The mortality among hares is very high, if you’ve ever driven along the A9 you cant help but see road-kill Mountain hares every few miles. However if they make it to adulthood their dispersal abilities are pretty remarkable. One animal was recorded moving 300km! Whilst generally solitary, they can aggregate into groups in excess of 100 animals during the winter months. Mountain Hares are predominantly active at night, and encounters in the day are often of animals flushed from a sheltering spot in a peat hag, or from under a boulder.

Mountain Hares are well known in the UK for their transformation between summer and winter coats. They are perfectly adapted to cold snowy winters, moulting in a thick white coat, whilst in summer this white coat is lost and replaced with a schisty-brown pelage, better suited to the earthen and rocky tones of the Scottish peaks during the ‘warmer’ months. Interestingly very few of the Irish animals moult into a white winter coat. Camouflage is crucial in Scotland where Mountain Hares form a substantial part of the diet of Golden Eagles.

The transition between Winter, Spring and Summer can be a tough one for Mountain Hares as their perfect camouflage takes a while to adjust to the receding snow lines. Photo: Robin Hoskyns (http://www.robinhoskyns.co.uk/) and (https://www.facebook.com/RobinHoskynsPhotography)

The transition between Winter, Spring and Summer can be a tough one for Mountain Hares as their perfect camouflage takes a while to adjust to the receding snow lines. Photo: Robin Hoskyns (http://www.robinhoskyns.co.uk/) and (https://www.facebook.com/RobinHoskynsPhotography)

A summer Mountain Hare can be equally difficult to spot as a winter animal. The white tail is a dead giveaway though!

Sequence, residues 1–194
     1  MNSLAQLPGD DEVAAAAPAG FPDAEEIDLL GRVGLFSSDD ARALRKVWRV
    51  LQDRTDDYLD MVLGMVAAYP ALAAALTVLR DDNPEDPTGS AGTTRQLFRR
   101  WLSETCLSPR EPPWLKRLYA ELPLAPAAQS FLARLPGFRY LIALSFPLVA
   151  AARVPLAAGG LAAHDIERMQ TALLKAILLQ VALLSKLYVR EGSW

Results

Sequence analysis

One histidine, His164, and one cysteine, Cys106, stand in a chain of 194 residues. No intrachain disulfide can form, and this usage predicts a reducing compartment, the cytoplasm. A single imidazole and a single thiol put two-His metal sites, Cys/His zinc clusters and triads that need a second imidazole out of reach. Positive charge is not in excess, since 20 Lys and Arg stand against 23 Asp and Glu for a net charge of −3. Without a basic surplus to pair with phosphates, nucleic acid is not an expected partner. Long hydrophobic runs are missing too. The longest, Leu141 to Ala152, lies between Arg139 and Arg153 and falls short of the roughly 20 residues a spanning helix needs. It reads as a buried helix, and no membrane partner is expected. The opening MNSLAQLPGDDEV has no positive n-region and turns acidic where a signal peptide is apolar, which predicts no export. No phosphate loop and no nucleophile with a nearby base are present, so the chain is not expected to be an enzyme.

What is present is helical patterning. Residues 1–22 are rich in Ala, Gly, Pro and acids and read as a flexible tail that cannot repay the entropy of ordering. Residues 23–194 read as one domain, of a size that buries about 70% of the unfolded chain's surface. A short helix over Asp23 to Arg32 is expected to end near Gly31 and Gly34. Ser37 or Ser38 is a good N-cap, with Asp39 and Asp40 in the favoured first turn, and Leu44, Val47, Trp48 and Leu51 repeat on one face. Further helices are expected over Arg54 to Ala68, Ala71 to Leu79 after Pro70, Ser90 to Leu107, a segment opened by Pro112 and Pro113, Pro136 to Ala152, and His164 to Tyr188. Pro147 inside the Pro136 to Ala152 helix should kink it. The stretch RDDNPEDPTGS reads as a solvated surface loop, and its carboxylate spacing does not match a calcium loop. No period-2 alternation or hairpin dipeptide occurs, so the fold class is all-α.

A summer Mountain Hare can be equally difficult to spot as a winter animal. The white tail is a dead giveaway though!

Mountain Hares and Grouse moors have an intricate relationship and one which frequently betrays the hares. Hares prefer the areas of recently burnt heather adjacent to longer heather for cover, identical to the optimal requirements for grouse management. The decline in grouse moors has had a strong negative effect on the abundance of Mountain Hares, and this coupled with the frequent intensive persecution of hares by estate managers to reduce competition with grouse, can cause local declines in the population. Raptor Persecution Scotland have blogged about this issue on several occasions with the latest last autumn:

https://raptorpersecutionscotland.wordpress.com/2014/09/28/mountain-hares-massacred-on-lammermuir-grouse-moors/

There’s even a petition currently circulating endeavoring to end these intensive culls:

https://you.38degrees.org.uk/petitions/protect-the-mountain-hare-3

Indeed even away from intensive grouse moors I’ve been told that in the 1990s and early 2000s there was a concerted effort, at least on some of the Argyll hills, to reduce Mountain Hare and Rabbit numbers. The cull was so successful that both species are now extinct in the areas I’ve worked and maybe not coincidentally Golden Eagles at certain territories have failed to produce any young for at least 10 years.

An Eaglet in Argyll surrounded by a surplus of Mountain Hares and Rabbits in 1981

An Eaglet in Argyll surrounded by a surplus of Mountain Hares and Rabbits in 1981

The same Eaglet a few weeks later, fat on lagomorphs. Now both Rabbits and Mountain Hares are virtually extinct in the area through human persecution

The same Eaglet a few weeks later, fat on lagomorphs. Now both Rabbits and Mountain Hares are virtually extinct in the area through human persecution

If you want to enjoy these cracking Lagomorphs whether in their winter white or summer schist, sites worth a visit include Long Gutter Edge, Derbyshire; Findhorn Valley, Highland; and Cairngorm Ski Carpark. For more information see ‘Where to Watch Mammals: Britain and Ireland’ R Moores 2007.

You’ll also have the added bonus of enjoying a few classic upland birds as well, especially at the Scottish sites.

Shorter ears and a greyer, more schisty-colouration to the pelage separate Mountain Hares from Brown Hares

Shorter ears and a greyer, more schisty-colouration to the pelage separate Mountain Hares from Brown Hares

Run Rabbit Run! If the camouflage fails then they still have the ability to out-run any predators or photographers!

Run Rabbit Run! If the camouflage fails then they still have the ability to out-run any predators or photographers!

 

Slaty-backed Gull

The Young’uns